zeroing a scope?

Discussion in 'Optics & Mounts' started by cottontop, Jan 30, 2012.

  1. cottontop

    cottontop Guest

    I heard a guy talking the other day about zeroing a scope. What exactly did he mean and how and why is it done?
    cottontop
     
  2. Belltactical

    Belltactical New Member

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    I'm sure this will open a can of worms and I'm sure everyone will have their own opinions but....

    Zeroing a scope simply means adjusting the scope so that the crosshairs are where the bullets will hit at a specific distance. In my case, my longest range is 152 yds (thank you Nikon for a nice accurate range finder).

    Since I do this over and over and over again on a daily basis, here's the short version i use. After mounting, leveling, lapping the rings and double checking we use a laser boresighter to get close/on the paper. Then fire strings of 3 rounds (remembering of course to remove the boresighter - yes, I did have an idiot working for me who left it in the barrel and no I don't want to talk about it) at 100yds and adjust for windage and elevation until the groups line up with the crosshairs. If its a calibrated mil dot reticle scope you can dial up any range you want from that point (assuming a decent reticle calibrated for the caliber you shoot). Just did one an hour ago. Only took 2 strings of fire to get it dialed in.

    Hope that helps.
     
    Last edited: Jan 30, 2012

  3. cottontop

    cottontop Guest

    Yeah, I understand that. I looked on the internet and found basically your same information. Thanks for responding.
    Anyway, what the guy I was talking about said, was to turn each reticle in one direction until it stops and count the number of turns you made. Then, turn it in the opposite direction until it stops again. Then, turn it the opposite way again half the number of turns you made the first time. Has anyone ever heard of this? It sounds a little suspicious to me.
    cottontop
     
  4. Belltactical

    Belltactical New Member

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    Well, I suppose you could do it that way. Don't think you'll hit anything but you'll likely loosen up some of the grease in the adjustment mechanics so that's a good thing I guess but it won't to anything to align the scope with the bore but hey, have fun screwing your scope dials.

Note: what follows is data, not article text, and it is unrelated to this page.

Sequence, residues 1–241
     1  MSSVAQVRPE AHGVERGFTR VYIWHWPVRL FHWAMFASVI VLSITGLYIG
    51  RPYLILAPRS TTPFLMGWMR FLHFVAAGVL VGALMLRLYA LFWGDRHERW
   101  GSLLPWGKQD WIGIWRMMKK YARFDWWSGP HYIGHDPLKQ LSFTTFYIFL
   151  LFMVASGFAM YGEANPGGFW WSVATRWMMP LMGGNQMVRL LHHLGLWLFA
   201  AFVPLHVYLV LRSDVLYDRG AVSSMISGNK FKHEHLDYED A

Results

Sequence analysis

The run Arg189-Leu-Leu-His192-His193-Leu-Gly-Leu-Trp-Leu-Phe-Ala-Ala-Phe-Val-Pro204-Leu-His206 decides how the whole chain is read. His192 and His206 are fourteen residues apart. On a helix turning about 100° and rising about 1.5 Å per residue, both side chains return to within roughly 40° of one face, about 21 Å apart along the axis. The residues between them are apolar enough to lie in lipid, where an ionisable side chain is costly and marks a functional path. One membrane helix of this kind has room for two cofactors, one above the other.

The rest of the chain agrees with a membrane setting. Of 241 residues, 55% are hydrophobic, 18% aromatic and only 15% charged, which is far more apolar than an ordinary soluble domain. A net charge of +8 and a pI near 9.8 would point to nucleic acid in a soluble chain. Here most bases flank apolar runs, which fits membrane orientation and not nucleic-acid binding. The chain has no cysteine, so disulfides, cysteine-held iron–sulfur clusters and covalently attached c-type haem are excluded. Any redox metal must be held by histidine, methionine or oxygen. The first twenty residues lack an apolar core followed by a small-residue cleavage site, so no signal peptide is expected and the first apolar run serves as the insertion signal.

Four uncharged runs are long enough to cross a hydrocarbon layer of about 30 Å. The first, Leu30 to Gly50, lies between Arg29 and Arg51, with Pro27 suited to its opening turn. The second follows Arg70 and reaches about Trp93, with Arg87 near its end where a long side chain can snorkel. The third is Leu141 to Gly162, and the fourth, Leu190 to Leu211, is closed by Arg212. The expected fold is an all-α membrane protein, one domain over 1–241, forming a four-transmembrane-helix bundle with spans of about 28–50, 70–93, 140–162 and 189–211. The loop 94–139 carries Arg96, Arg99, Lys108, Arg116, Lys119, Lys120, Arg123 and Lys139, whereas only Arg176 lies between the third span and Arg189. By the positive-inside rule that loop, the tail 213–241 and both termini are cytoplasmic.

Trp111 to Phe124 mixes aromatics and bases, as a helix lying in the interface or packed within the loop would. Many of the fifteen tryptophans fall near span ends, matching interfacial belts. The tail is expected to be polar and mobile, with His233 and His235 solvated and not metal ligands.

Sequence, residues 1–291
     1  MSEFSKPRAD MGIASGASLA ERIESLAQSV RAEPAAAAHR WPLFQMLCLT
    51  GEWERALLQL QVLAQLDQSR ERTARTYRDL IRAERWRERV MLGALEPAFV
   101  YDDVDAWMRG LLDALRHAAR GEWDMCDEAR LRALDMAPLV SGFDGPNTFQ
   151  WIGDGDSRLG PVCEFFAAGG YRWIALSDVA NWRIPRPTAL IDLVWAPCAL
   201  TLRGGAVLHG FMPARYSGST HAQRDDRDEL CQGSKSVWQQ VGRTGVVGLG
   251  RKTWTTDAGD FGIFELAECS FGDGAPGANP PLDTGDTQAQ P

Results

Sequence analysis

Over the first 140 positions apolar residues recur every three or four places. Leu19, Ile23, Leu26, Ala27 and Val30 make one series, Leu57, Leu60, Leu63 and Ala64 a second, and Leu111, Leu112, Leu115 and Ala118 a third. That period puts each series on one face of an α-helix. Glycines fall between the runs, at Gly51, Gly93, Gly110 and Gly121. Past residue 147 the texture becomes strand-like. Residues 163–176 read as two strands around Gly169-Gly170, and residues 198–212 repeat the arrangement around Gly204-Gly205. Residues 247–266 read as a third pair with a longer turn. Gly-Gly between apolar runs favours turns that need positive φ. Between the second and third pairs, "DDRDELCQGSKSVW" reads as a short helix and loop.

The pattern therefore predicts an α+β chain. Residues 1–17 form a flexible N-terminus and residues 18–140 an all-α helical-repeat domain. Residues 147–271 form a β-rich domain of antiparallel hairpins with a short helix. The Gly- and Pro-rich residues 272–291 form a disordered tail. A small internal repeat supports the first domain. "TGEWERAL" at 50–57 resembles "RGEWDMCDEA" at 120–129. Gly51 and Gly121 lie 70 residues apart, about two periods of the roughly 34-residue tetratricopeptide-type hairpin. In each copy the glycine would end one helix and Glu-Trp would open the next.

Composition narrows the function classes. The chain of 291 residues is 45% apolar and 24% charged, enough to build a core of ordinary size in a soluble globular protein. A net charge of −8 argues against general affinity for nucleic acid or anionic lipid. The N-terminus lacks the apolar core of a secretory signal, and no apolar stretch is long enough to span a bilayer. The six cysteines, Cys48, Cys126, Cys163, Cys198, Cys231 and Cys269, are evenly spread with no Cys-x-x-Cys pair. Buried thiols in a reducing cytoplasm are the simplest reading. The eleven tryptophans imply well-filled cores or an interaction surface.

Last edited: Jan 30, 2012
  5. hiwall

    hiwall Well-Known Member

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    The person might have meant centering the reticle and then adjusting point of impact with an adjustable base. Supposed to be some advantage that evades me at this time.
     
  6. Durangokid

    Durangokid New Member

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    Old scopes did not have self centering reticules. The only way to Zero those scopes was with an adjustable base. You only need to follow the detailed post just given by Belltac.:)
     
  7. Muliemaster

    Muliemaster New Member

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    It sets the wind an elevation moa at its center most point of the scope, then u would set the bore zero
     
  8. Belltactical

    Belltactical New Member

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    Sure, but what's the benefit? I don't care where the dials are set when I zero the thing. I only care about where they end up when the bullet goes where the crosshairs are.
     
  9. alsaqr

    alsaqr Well-Known Member Supporter

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    Yes, i have heard of it: It's called "centering the scope reticle". i always center the reticle before the scope is installed on the gun.
     
    Last edited: Jan 31, 2012
  10. Belltactical

    Belltactical New Member